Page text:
Everything is then housed in a watertight ammo can so you can take it with you.
Step 4: Locks
As I was searching Instructables for things involving ammo cans I stumbled across this. Ammunition Canister Lock Box
I took a trip to the hardware store. I saw little 1" U bolts and thought that they would work better than a gate latch. So I used them instead.
If you follow 646bph's instructable you should be fine.
Step 5: Construction: Battery
The battery is the largest heaviest component. It gets mounted with a home made bracket.
The bracket is 1/2" Angle Iron welded together to form a base for the battery to rest in. Threaded rod is welded to the outside, and eventually a piece of flat aluminum with holes drilled in it slides down on top of the threaded rod and is bolted down to clamp on the battery.
The whole bracket is JB Welded and then tack welded to the ammo can itself.
The battery itself will be dropped in last.
Step 6: Construction: Battery Charger
The battery charger goes next.
Make sure that there is space between the components and everything fits. Both the inverter and battery charger will get hot when in use, and you want to make sure there is adequate space for ventilation.
Step 7: Construction: Inverter
Now the inverter has to be mounted.
I ran into a few problems when mounting mine. My inverter has a "clamshell" shape that hangs over where the mounting holes are. This prohibits me from using a socket wrench to tighten the bolts. The other problem is that the two bolts in the corner opposite of the battery are completely in-accessible with any tool once the inverter is in place.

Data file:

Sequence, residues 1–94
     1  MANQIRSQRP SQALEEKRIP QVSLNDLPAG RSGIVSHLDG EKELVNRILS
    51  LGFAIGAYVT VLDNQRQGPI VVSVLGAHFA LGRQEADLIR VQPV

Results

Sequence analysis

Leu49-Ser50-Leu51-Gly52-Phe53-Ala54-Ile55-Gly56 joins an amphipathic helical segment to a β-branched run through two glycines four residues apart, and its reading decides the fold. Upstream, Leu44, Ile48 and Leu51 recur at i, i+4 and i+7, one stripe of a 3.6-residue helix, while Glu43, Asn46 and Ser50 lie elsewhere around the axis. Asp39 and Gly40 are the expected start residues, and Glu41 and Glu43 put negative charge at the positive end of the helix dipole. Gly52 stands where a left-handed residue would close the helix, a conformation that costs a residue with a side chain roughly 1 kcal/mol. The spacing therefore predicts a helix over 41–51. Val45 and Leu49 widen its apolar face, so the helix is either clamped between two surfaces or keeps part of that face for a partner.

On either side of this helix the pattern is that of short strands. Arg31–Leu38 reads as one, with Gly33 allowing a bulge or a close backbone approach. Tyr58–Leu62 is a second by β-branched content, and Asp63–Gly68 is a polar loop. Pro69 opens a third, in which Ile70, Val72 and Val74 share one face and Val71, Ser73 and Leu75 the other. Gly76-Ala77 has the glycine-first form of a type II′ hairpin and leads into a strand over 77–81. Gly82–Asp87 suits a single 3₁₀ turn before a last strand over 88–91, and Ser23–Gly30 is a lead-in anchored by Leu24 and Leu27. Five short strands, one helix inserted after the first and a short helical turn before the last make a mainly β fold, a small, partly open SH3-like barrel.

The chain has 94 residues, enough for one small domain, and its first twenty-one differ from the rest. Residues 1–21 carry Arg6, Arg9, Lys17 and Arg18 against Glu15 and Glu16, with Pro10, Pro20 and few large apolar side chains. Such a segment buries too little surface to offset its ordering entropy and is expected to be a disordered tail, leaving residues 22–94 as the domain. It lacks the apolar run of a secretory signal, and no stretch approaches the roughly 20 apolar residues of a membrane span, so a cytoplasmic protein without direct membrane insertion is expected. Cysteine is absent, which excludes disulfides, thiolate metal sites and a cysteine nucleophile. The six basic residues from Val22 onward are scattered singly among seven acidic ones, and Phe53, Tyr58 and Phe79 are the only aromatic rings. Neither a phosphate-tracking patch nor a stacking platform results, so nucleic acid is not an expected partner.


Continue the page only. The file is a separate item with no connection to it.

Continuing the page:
What I ended up doing was tightening the bolts down enough to hold it before putting the inverter in, then using loctite and fix them in place. Then I was able to slide the inverter in and pop the other two bolts in place to secure it. There is a picture to show this.
The other thing is that once the inverter is mounted, the wiring to it would be inaccessible. So before mounting it attach wires to the terminals and snake them where they need to go. Then (in the next step) it can be wired to the battery.
The last thing I did was make a ventilation hole for the inverter. When it is running full load, it gets very hot. And putting it in a crowded metal box is not the best for airflow.
We drilled a hole in the side of the box and mounted a firetruck 220v watertight outlet cover over it. The hole was placed right below the exhaust fan for the inverter.
Now when the it is running hot, the little door can be opened to allow increased airflow, and when it's not in use, it can be closed and remain watertight.
Step 8: Wiring
The wiring is pretty simple. The positive terminal of the battery is connected to the breaker, then to the switch. The positive terminal of the inverter is connected to the switch and the negative terminal back to the negative battery terminal.
I later added (and you can see in a few pictures) a LED power indicator, and a 12 volt automotive outlet.
They also get wired between the switch and the negative terminal of the battery.
The automotive outlet is a cheap extension cable from walmart that I cut the male end off and wired in. One like this.
The battery charger is permanently wired to the battery as well. It has its own marked leads that are bolted to the terminals as well.
I whipped up a wiring diagram to help illustrate as well.
Step 9: Finished!
I took this with me to the 2010 National Scout Jamboree. The week I was there had record heat and humidity. The feels like temperatures one day was 118 degrees. However I was prepared. I brought a box fan and ran it at night so we could sleep. I only got about 2 hrs on a charge with this beast of a fan, but it was so worth it. During the day I could take it to one of the buildings and charge it up. The rest of the guys used it to charge phones when we got back.
There you go. When you turn on the main power switch, the LED power indicator will light up as well as provide power to the inverter and 12volt automotive outlet. After that, bam. Portable Power.